Sony is making a profit on PlayStation 4 hardware, and it is making even more from its PS Plus gaming service.

In a meeting with investors yesterday, Sony chief executive officer Kazuo Hirai addressed the performance of the company’s gaming business and revealed that about 3.5 million of the 7 million PS4 owners are in the PS Plus program. This is Sony’s subscription service that gets players access to online multiplayer on the new console as well as select bonus games at no additional charge each month. PS Plus goes for $10 a month or $50 annually, which enables Sony to generate extra revenue from their most committed and engaged customers. PS Plus is also one of the methods Sony uses to retain its customers as gamers lose access to the “free” titles when they end their subscription.

“Approximately half of PS4 users are registered to the PlayStation Plus subscription service while the number of active users on the PlayStation Network and Sony Entertainment Network exceeds 52 million worldwide,” said Hirai.

Of course, every PS4 owner gets a free PS Plus 30-day trial, and Sony did not provide the number of subscribers on PS3. We’ve reached out to Sony to ask if it’s including those people in this figure. We’ll update with any new information.

For comparison, Microsoft says it has around 50 million Xbox Live members — although it doesn’t specify how many of those subscribe to its premium Xbox Live Gold program.

In addition to PS Plus, Sony boasted the strength of its overall digital ecosystem. Customers are downloading full games as well as streaming music and video.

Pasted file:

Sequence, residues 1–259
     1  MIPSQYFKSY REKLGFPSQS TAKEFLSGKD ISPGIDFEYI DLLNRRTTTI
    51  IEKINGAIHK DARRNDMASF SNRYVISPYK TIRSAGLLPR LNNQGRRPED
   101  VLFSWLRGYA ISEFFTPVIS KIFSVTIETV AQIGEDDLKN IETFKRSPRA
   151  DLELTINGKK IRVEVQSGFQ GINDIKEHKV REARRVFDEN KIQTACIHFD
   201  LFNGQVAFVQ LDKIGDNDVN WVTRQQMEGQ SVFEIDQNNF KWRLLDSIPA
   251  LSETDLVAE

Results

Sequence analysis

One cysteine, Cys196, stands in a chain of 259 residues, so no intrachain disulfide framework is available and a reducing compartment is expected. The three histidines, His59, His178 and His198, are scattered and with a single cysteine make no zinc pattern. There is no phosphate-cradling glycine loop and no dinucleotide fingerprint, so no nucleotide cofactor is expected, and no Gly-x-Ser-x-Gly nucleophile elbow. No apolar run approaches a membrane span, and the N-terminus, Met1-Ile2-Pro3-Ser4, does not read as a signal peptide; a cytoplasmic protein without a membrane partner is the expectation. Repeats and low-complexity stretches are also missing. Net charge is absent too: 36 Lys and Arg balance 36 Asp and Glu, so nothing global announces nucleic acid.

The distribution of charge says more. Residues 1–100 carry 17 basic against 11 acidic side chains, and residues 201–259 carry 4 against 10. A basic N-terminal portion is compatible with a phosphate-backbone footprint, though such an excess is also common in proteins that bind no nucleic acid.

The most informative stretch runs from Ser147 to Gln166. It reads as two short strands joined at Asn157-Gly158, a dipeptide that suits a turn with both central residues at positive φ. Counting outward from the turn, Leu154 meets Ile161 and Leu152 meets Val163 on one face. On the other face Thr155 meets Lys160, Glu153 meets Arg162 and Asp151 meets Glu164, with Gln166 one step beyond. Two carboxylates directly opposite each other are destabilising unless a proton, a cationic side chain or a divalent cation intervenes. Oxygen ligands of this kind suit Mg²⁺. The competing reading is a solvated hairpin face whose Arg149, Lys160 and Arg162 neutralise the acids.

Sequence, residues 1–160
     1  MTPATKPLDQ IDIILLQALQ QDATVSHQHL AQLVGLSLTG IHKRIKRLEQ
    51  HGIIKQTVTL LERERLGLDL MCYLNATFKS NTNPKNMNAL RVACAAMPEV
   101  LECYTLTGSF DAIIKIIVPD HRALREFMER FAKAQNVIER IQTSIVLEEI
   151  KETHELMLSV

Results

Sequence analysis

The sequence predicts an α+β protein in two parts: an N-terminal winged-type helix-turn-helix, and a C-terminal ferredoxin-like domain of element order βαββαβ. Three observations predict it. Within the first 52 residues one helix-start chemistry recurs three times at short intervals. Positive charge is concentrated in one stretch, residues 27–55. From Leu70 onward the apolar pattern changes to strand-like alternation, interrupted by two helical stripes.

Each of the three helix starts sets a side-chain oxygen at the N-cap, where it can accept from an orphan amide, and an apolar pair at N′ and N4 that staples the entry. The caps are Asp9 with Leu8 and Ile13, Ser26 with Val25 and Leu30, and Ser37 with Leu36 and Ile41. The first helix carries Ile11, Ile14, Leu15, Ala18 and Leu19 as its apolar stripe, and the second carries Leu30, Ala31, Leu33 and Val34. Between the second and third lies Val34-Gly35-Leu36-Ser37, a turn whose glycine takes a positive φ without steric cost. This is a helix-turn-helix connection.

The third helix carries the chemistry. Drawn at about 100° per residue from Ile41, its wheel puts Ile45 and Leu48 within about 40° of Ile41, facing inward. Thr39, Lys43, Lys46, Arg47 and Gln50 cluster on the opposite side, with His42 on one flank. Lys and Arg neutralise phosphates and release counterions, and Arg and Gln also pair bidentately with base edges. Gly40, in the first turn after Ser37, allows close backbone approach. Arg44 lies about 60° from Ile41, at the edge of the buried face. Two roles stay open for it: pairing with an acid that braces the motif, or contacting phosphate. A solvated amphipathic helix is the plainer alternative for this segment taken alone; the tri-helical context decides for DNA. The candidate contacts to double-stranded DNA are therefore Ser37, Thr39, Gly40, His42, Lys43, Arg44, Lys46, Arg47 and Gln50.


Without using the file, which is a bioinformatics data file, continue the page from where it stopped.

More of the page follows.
“And our PlayStation App for smartphones and tablets that lets players share their PS4 experience to their mobile devices, is also proving hugely popular, with the total number of downloads already exceeding 4.5 million,” said HIrai. “Sales from our network business including game, music and, video services exceeded [$1.96 billion] in fiscal 2013, and we intend to further expand that figure going forward.”

Hirai also heralded the upcoming PlayStation Now service, which enables gamers to stream games directly from the cloud. It is in testing now, and it is likely to debut to a wider audience in the next few months.

“Starting this summer, we will begin distributing PS3 games via streaming to our users in the U.S. on an open beta version of our new PlayStation Now streaming service, first for PS4 and then PS Vita,” said Hirai. “And that’s just the first step. Going forward, we will use streaming to deliver the PlayStation experience worldwide.”

Sony also plans to offer the PlayStation Now service on its Bravia TVs before expanding it to a variety of “connected devices.”

PlayStation Now Hands-on